In fact, my argument is that, intellectually speaking, the “time of great danger or trouble” for the ummah which turned for the worse was during the colonial period when the surviving elements of tawhidic epistemology were further marginalised in Muslim education in favour of modern secular education based on such Western-originated epistemologies as positivism and evolutionism, without these epistemologies, however, being mentioned and explained to the Muslims, particularly in regard to their implications for Islamic thought. The development of tawhidic epistemology only turned for the better during the post-colonial period. To be more precise, it was in the 1970s that the ummah saw a turning point for the better for tawhidic epistemology in the modern period. The 1970s was indeed an exceptionally eventful decade for the global Muslim ummah both in the religious and political sense. The decade saw among other things the emergence of an international organisation of Muslim nations known as the Organisation of the Islamic Conference (OIC), the 1973 Arab oil embargo, the 1975 First Islamic World Conference on Science and Technology in Riyadh, the 1977 First World Conference on Islamic Education in Mecca, and the 1979 Iranian Islamic Revolution. The Conference on Islamic Education, which developed into a series of annual conferences, was more instrumental than any other event of the decade in helping to generate new interest in Islamic epistemology and revive some of the till then neglected or forgotten dimensions of tawhidic epistemology.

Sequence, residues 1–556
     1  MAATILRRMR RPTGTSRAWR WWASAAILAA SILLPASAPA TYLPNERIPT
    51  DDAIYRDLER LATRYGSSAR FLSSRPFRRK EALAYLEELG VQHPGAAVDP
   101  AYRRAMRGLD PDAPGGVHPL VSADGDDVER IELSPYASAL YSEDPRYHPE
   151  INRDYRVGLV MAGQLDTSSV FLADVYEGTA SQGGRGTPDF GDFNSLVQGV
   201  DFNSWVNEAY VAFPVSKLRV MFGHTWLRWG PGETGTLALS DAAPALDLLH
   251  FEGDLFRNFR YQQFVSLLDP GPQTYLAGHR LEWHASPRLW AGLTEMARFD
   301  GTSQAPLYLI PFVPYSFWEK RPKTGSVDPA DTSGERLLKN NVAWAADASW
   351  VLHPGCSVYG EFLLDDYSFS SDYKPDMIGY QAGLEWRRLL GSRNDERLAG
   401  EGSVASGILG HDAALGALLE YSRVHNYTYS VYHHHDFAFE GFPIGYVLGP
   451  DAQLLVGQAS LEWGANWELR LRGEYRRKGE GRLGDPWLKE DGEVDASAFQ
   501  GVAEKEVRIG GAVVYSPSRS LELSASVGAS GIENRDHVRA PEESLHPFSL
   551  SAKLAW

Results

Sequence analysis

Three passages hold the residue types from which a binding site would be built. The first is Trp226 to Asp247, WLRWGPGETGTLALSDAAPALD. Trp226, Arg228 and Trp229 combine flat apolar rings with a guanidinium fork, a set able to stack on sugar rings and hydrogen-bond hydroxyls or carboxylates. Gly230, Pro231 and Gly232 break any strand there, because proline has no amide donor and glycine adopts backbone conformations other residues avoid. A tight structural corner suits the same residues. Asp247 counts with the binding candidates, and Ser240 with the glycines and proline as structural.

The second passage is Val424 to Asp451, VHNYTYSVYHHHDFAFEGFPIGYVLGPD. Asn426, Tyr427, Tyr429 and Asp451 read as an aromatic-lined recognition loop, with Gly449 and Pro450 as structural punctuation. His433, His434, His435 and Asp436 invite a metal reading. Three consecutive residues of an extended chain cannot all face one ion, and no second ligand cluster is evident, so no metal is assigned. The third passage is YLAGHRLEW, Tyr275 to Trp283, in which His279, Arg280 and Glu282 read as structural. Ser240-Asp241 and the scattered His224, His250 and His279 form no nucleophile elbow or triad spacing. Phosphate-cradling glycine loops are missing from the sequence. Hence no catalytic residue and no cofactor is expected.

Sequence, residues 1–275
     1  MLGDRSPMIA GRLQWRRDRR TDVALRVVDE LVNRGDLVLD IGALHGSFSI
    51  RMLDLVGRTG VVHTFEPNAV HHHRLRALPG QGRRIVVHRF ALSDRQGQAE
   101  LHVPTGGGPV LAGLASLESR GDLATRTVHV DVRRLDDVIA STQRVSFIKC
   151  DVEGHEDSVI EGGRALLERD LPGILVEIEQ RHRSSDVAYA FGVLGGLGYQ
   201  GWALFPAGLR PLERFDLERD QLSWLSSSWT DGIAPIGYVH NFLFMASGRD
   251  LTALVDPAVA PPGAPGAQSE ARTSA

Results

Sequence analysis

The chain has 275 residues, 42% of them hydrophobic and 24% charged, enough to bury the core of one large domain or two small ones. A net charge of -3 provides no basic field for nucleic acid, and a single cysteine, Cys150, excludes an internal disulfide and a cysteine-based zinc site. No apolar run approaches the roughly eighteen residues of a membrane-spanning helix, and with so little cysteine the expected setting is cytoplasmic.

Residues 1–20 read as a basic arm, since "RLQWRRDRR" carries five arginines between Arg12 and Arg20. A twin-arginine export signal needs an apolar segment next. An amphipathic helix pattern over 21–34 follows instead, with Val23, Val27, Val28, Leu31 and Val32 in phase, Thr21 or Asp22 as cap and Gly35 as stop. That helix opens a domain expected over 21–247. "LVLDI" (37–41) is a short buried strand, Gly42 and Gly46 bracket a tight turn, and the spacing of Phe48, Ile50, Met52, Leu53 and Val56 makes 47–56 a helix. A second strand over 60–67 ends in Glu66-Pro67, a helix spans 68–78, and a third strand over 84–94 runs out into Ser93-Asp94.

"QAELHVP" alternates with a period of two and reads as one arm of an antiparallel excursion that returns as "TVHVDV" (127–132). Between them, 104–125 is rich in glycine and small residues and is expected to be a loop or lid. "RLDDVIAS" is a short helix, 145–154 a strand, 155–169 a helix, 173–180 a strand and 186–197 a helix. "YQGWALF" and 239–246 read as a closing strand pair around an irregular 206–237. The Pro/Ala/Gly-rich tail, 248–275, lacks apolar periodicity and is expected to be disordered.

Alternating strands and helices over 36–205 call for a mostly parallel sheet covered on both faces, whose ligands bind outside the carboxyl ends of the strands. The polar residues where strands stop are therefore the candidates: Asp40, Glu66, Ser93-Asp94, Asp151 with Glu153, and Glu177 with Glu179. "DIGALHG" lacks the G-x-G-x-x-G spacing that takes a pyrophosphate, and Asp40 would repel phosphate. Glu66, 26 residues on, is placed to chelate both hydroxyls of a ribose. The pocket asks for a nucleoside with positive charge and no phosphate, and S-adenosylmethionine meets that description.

A good illustration of the meaning of crisis as “a turning point or as a decisive or crucial time and stage in the course of anything” was provided by Fritjof Capra, a quantum physicist who authored the best seller, The Tao of Physics, in his sequel The Turning Point: Science, Society, and the Rising Culture.3 Capra studied in detail the crisis of modern civilisation, which he described as “a crisis of intellectual, moral, and spiritual dimensions; a crisis of a scale and urgency unprecedented in recorded human history.”4 To emphasise the other meaning of crisis as “a time of great danger or trouble, often one which threatens to result in unpleasant consequences,” Capra advanced the claim that “for the first time we have to face the very real threat of extinction of the human race and of all life on this planet.”5 To Capra, this crisis of modern civilisation is essentially “a crisis of perceptions”6 and “a crisis of ideas.”7 It results “from the fact that we are trying to apply the concepts of an outdated world view – the mechanistic world view of Cartesian-Newtonian science – to a reality that can no longer be understood in terms of these concepts.”8